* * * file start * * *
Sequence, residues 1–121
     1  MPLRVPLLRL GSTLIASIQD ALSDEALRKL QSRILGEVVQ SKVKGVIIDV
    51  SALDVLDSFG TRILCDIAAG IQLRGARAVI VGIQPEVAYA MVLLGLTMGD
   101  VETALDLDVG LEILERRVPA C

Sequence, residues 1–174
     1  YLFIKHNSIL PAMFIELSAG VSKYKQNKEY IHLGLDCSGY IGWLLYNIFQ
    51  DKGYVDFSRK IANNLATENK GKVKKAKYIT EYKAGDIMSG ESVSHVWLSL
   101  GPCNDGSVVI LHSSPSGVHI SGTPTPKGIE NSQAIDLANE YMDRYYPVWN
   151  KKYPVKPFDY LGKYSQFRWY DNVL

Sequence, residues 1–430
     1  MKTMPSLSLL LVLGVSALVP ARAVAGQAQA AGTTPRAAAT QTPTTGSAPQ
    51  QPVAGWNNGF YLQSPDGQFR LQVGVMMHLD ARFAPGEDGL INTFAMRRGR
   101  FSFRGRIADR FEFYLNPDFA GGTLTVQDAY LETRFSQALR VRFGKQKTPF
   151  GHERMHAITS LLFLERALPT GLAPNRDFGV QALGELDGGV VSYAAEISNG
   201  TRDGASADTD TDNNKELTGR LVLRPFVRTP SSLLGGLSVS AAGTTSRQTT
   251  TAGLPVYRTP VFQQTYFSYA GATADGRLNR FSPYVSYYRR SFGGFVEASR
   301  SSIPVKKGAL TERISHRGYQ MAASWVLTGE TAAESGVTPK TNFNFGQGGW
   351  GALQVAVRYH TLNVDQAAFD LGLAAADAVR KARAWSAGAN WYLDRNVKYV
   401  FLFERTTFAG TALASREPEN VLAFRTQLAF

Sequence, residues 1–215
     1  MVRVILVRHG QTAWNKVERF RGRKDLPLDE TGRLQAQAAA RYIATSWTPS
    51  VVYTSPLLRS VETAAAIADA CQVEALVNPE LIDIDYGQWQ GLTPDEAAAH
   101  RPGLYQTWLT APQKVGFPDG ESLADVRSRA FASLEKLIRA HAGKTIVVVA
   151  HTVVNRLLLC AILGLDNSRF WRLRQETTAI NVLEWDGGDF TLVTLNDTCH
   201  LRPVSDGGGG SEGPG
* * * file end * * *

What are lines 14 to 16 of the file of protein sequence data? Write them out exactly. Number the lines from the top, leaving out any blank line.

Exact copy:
   151  GHERMHAITS LLFLERALPT GLAPNRDFGV QALGELDGGV VSYAAEISNG
   201  TRDGASADTD TDNNKELTGR LVLRPFVRTP SSLLGGLSVS AAGTTSRQTT
   251  TAGLPVYRTP VFQQTYFSYA GATADGRLNR FSPYVSYYRR SFGGFVEASR